KIERAN TAPSELL. Sex Abuse and the Seal of the Confessional

The Australian Royal Commission into Institutional Responses to Child Sexual Abuse has just released its Criminal Justice Report in which it deals with many matters  relating to the way child sexual abuse within institutions is handled by the Australian criminal justice system. In the course of that report, it recommends mandatory reporting of all suspected child sexual abuse within institutions and the creation of new offences of failing to take proper care to prevent such abuse.

One recommendation that understandably created some media interest is that there should be no exemption to the reporting requirements for information provided in confession.

The Commission’s report produces convincing evidence, not only in Australia, but also overseas, that priest sex abusers used confession as a means of assuaging their guilt. It made it easier for them to repeat their crimes because confession was always available.

In a response to the Report, Fr Frank Brennan S.J. stated that a civil law requirement for priests to break the seal of confession was unlikely to lead to better protection for children because abusers would not confess such matters if they knew they had to be reported. Brennan said that he would disobey any such law and accept the consequences.

Archbishop Hart, the president of the Australian Catholic Bishops Conference, in his response said that the secret of the confessional is a “fundamental part of the freedom of religion…and it must remain so here in Australia.” In an interview on ABC Radio, Hart said he would go to jail rather than breach the secret.

It is surprising that no Church representative has mentioned a way in which the Church could significantly reduce the risk of breach of the seal by a fairly simple change to canon law based on a problem that has a long history.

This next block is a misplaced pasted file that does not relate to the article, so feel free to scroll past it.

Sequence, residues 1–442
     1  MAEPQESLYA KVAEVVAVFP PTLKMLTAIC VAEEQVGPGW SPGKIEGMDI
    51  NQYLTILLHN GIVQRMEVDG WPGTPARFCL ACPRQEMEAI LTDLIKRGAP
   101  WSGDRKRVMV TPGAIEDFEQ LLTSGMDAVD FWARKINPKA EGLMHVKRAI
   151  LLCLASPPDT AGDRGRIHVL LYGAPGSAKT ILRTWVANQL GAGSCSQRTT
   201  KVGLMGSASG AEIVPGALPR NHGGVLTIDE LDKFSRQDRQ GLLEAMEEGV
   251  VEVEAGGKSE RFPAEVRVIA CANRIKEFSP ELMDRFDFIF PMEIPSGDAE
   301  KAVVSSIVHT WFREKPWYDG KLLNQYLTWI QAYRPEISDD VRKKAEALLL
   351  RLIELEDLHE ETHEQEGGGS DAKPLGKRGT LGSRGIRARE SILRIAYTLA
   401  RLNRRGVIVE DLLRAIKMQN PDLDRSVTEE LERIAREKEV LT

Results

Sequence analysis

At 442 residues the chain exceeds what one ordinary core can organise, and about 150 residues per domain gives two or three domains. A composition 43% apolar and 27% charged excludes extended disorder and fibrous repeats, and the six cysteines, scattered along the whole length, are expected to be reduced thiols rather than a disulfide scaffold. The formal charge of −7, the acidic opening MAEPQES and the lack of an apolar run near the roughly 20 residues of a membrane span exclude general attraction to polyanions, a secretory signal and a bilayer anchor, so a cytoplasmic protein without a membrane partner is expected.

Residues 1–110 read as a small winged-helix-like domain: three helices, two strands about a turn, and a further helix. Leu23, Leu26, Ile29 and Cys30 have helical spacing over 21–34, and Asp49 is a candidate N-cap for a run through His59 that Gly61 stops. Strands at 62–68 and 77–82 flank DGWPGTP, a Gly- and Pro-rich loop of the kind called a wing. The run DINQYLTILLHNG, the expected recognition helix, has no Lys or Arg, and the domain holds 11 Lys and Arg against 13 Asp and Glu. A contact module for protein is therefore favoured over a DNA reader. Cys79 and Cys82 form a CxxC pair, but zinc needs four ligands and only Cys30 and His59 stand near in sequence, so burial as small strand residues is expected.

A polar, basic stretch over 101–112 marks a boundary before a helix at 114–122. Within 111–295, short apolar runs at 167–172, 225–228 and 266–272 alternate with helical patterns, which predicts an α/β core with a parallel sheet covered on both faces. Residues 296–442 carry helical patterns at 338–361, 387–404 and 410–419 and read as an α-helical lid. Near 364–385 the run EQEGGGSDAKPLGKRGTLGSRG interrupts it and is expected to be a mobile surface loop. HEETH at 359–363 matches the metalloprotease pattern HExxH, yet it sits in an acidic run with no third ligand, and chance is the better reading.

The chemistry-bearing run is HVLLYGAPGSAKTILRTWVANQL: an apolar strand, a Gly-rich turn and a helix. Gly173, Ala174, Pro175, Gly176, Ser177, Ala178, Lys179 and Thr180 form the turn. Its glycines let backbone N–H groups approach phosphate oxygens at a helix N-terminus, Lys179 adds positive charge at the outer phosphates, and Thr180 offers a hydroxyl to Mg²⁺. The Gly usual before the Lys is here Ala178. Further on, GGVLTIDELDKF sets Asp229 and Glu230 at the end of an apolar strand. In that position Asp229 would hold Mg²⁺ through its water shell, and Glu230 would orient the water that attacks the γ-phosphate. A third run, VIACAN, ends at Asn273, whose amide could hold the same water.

Ever since private confession became the practice in the Church in the early Middle Ages, there has been a continual problem of priests soliciting sex in the confessional. The Church was so worried about the practice that the Council of Treves in 1227 required such priests to be excommunicated. In 1622, Pope Gregory XV required penitents to denounce such priests to the Inquisition or to the bishop, and that confessors should advise penitents of their obligation to do so. In 1741, Pope Benedict XIV confirmed this decree, and added that absolution should be refused to solicited penitents until they denounced their confessors. He also decreed that only popes could give absolution to penitents who falsely accused priests of soliciting.

The persons solicited were mostly women, less so men, but rarely young children because until 1910, they did not go to confession until they reached the age of 12 to 14 years. In 1910, Pope Pius X reduced the age to 7 years thus broadening the opportunities for paedophiles to find their victims. A number of case studies examined by the Australian Royal Commission confirmed that such soliciting of young children in the confessional had occurred in Australia.

The 1917 Code of Canon Law continued Benedict XIV’s 1741 decree, and required the penitent to denounce the soliciting priest within one month. The 1983 Code abolished the requirement to denounce and the reservation of absolution to the pope for false accusations against priests. Instead, it imposed an automatic interdict, a form of excommunication, on anyone making a false accusation. Canon 982 further provides that anyone who confesses to making a false accusation “is not to be absolved unless the person has first formally retracted the false denunciation, and is prepared to repair damages if there are any.”

Unless there is some other way of repairing the damage, one can only assume that canon law imposes an obligation on the penitent to pay defamation damages, and until they are paid, there will be no absolution.